MEN’S HOCKEY | Fifth conference game for the Elis

In the past 167 matches between Yale and Brown, the Bulldogs have won 88 games and lost 71 and the remaining eight games were tied.
In the past 167 matches between Yale and Brown, the Bulldogs have won 88 games and lost 71 and the remaining eight games were tied. Photo by Henry Ehrenberg.

The high-tempo, physical play of both Brown and Yale will clash when the Bears visit Ingalls Rink Saturday night,

The Bears (1–7–1, 1–5 ECAC) face the No. 15 Bulldogs (5–2–1, 2–2 ECAC) for Yale’s third home game of the season tomorrow. The Bulldogs typically try to gain momentum against opponents by keeping the pace of play up and not letting the opposition slow down the game. What is normally a battle of systems and styles will instead be a battle of will between two teams playing the same quick and nose-to-the-grindstone game.

“Brown is always a tough team to play,” leading point-getter Kenny Agostino ’14 said. “They play a similar style to us. They work really hard and pride themselves in their work ethic.”

Both teams are coming off wins as they head into Saturday’s matchup. The Bears won a home contest against Holy Cross 3–2 last week, and the Bulldogs swept two nationally ranked teams in overtime last weekend, earning them the 15th spot in the most recent U.S. Collegiate Hockey Online polls. While the wins have helped build confidence among players on both teams, they do not necessarily lead to momentum.

“Because it’s essentially a weekend league, it’s hard for there to be carry over [of momentum] from Saturday night to Saturday night,” head coach Keith Allain ’80 said.

In a game in which both opponents play a similar style of aggressive, fast and physical play, special teams will be particularly important for victory.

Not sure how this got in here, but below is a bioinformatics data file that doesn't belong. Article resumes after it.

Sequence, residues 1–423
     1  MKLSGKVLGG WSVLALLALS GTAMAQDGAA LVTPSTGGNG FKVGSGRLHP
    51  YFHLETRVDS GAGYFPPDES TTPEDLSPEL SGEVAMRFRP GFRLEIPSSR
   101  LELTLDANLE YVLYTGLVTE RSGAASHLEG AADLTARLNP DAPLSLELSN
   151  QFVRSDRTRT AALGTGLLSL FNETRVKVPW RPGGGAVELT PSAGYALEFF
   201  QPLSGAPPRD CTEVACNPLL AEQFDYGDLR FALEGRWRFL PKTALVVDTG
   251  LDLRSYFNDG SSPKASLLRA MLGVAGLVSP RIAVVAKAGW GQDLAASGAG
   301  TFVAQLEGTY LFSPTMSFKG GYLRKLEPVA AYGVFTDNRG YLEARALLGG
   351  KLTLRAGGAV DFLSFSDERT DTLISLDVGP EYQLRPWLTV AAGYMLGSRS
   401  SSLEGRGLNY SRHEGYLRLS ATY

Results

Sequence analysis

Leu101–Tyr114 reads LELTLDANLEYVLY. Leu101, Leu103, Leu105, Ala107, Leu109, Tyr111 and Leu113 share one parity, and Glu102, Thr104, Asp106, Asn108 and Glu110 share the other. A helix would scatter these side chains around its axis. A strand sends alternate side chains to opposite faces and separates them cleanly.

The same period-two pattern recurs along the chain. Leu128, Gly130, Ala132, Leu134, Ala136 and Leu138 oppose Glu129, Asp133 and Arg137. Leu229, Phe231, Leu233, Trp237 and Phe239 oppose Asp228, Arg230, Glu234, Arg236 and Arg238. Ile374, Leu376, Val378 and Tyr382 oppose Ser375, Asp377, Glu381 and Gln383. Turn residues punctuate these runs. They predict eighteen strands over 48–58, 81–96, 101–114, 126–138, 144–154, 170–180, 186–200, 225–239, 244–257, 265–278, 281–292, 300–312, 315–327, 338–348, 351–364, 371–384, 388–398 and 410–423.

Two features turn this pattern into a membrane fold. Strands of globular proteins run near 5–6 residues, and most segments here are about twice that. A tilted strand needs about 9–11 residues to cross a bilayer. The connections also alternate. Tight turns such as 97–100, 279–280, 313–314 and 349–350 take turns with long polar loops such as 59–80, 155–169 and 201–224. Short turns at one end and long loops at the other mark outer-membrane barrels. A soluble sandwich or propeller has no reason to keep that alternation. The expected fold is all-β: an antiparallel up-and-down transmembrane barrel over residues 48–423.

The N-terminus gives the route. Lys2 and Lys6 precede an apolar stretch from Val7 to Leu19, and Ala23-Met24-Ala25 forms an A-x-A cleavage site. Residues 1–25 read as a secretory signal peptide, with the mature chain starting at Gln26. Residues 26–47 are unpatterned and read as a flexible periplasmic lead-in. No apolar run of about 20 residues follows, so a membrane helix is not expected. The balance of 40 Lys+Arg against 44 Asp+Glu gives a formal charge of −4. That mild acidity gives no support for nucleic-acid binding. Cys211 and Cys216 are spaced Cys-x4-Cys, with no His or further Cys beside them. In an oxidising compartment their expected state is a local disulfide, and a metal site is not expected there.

“Brown is an extremely hard-working team. They’ll always bring a lot of energy and never give up,” leading scorer Antoine Laganiere ’13 said.

Despite graduating their top two penalty killers last year, the Bulldogs have killed 30 of 34 penalties successfully so far this season. Stu Wilson ’16 and Josh Balch ’13, while not as familiar with the job as their predecessors, have led the team on the penalty kill, Allain said.

Brown’s penalty-killing unit, while not as effective as Yale’s, is not far behind killing 33 out of 40 penalties on the season.

Though the Bulldogs have succeeded in keeping opponents from scoring when short-handed, they still have room for improvement on the power play. Yale has put away six power-play goals this season on 35 chances. Brown has performed similarly, scoring four power-play chances on 38 attempts.

“I think that’s an area we can build on as a hockey team with the players we have,” Allain said. “At the very least we should create chances and gain momentum every time we’re on the power play.”

In the past 167 matches between Yale and Brown, the Bulldogs have won 88 games and lost 71. The remaining eight games were tied. More recently, the Bulldogs have won 12 of the last 16 matchups.

Yale is currently 2–2 in conference play and has the opportunity to go above .500 this weekend when the puck drops at 7 p.m. at Ingalls Rink on Saturday.

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